About USS Frank Knox (DD-DDR-742)
The USS Frank Knox (DD-DDR-742) was a 2200 ton, long hull, FRAM II, Radar Picket Destroyer. Her primary mission was to provide fast carrier attack groups with an effective early warning capability. She was secondarily concerned with anti-submarine warfare and employment as a surface action or naval gunfire support unit. She was a Gearing-Class destroyer with a standard displacement of 2425 tons; full load displacement was 3520 tons.
Regular overhaul periods changed the ship's characteristics during her 26 years of active service. In 1967 her armament included a main battery of three twin 5"/38 gun mounts., two 7.2" anti-submarine rocket launchers forward and two triple-tube torpedo mounts amidships. In addition, she was equipped with a large number of sophisticated radar detection, sonar, communication and fire control equipment.
The Frank Knox was built in Boston Naval Shipyard, Boston Massachusetts in 1944 and received the name of the World War II Secretary of the US Navy and well known publisher William Franklin Knox. She is 390 feet long, 41 feet wide and carries a crew of 16 officers and 260 enlisted men. During World War II Frank Knox participated in Admiral Halsey's Third Fleet Operations against Japanese home islands and was present in Tokyo Bay when the Japanese Surrender document was signed on September 2, 1945. She was stationed in Tsingtao, China from 1948 until shortly before the communist revolution in that country on October 1, 1949. On March 18, 1949 she was redesignated as DDR-742. The ship returned to the Western Pacific waters during the Korean Conflict (1950-1953) to serve as an original unit of "Task Force 77" in actions at Inchon, Hung Nam and Wonsan Harbor. In February 1955 Frank Knox took part in the Nationalist Chinese evacuation of the Tachen Islands. From late 1961 until September 1964 Frank Knox was homeported in Yokosuka, Japan along with USS Midway, CV-41 as part of the US Seventh Fleet. During this period, she served in a variety of supporting roles throughout the Western Pacific, from the Phillippine Sea to the Gulf of Tonkin. Late in 1963 Frank Knox was named "Ship of the Year" and awarded the Marjorie Sterrett Battleship Fund Award. In early Spring 1964 she participated in the First Concord Squadron Indian Ocean cruise to Madagascar, Kenya and Aden. Later in 1964 she visited Eastern Australia prior to proceeding to her new homeport San Diego, California.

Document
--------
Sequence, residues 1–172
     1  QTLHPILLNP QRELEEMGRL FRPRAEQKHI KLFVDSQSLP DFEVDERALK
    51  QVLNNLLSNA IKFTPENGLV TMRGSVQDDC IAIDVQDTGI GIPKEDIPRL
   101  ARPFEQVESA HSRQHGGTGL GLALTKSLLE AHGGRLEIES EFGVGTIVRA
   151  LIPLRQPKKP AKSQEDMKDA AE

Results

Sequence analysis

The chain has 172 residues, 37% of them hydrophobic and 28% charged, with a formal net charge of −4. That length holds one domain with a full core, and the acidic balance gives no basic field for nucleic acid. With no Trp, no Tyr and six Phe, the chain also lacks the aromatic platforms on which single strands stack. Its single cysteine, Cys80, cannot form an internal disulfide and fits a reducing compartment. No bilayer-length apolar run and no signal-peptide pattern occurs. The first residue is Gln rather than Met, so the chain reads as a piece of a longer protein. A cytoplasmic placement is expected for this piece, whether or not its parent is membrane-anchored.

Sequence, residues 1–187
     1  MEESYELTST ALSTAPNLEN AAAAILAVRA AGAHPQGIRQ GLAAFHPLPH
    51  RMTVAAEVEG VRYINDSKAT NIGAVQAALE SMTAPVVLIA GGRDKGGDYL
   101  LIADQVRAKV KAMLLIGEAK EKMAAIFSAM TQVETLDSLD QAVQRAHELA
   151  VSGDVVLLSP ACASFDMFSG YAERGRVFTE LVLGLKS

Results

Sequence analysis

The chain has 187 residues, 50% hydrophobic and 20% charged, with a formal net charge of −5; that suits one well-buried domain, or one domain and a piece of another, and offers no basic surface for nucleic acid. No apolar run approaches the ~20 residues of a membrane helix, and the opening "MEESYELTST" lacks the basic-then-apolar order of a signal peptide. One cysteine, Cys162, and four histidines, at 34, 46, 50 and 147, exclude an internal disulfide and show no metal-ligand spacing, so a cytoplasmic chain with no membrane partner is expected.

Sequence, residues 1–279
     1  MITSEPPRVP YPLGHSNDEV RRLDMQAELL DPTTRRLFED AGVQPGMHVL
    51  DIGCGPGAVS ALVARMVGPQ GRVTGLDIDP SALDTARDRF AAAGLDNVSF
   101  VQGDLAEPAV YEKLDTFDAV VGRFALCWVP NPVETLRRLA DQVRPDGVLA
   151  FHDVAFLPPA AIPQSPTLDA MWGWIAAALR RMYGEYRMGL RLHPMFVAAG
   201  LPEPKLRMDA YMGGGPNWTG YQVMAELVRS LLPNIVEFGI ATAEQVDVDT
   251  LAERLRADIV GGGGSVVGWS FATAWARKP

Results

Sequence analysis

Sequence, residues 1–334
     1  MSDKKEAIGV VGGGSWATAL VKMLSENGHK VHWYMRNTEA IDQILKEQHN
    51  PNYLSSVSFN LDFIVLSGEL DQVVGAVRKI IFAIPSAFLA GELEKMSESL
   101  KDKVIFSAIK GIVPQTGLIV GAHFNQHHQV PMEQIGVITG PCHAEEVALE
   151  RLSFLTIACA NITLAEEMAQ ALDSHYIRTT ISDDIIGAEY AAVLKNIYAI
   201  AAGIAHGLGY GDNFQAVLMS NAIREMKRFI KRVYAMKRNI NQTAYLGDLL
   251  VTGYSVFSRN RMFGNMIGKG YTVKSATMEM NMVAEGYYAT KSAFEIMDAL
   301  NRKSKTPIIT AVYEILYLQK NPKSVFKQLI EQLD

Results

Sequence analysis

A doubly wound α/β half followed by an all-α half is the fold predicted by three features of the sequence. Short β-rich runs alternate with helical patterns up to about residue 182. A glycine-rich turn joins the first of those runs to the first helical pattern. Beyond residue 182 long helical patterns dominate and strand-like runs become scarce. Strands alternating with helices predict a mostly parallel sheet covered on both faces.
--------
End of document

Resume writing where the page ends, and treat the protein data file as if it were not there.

Frank Knox deployed from her new homeport on June 4, 1965. While in transit from South China Sea to Taiwan she grounded on Pratas Reef on July 4, 1965. Extensive salvage operations pulled the ship clear of the reef and on August 24, 1965 the ship was towed to Kaohsiung, Taiwan. She later was transferred to US Naval Ship Repair Facility Yokosuka, Japan for extensive repair and upgrading. Frank Knox was refloated on August 22, 1966. She put to sea October 18, 1966 and after sea trials returned to her home port San Diego, California in late 1966 and took her place in Destroyer Division 172 resuming her duties as an operational unit of the Pacific Fleet.
Frank Knox deployed July 1967 to the waters of Southeast Asia and began a climb tha brought her to the level she previously held as one of the most distinguished ships in the Pacific Fleet. During the competitive year 1968 she walked off with the Battle Efficiency "E" for Destroyer Squadron 17 plus individual awards in Gunnery, Engineering and Anti-Submarine Warfare. On November 20, 1968 Frank Knox was formally awarded the Arleigh Burke Fleet Trophy. January 1, 1969 she was re-designated DD-742, her original designation. On January 4, 1969 Frank Knox again deployed to the Western Pacific. Following a highly successful second deployment she returned to San Diego California. She was decommissioned as an active unit in January 1971 and struck from the records on February 3, 1971. She was transferred to the Greek Navy on February 3, 1971and renamed Themistocles D-210 and served until decommissioned by the Greeks on August 31, 1992.
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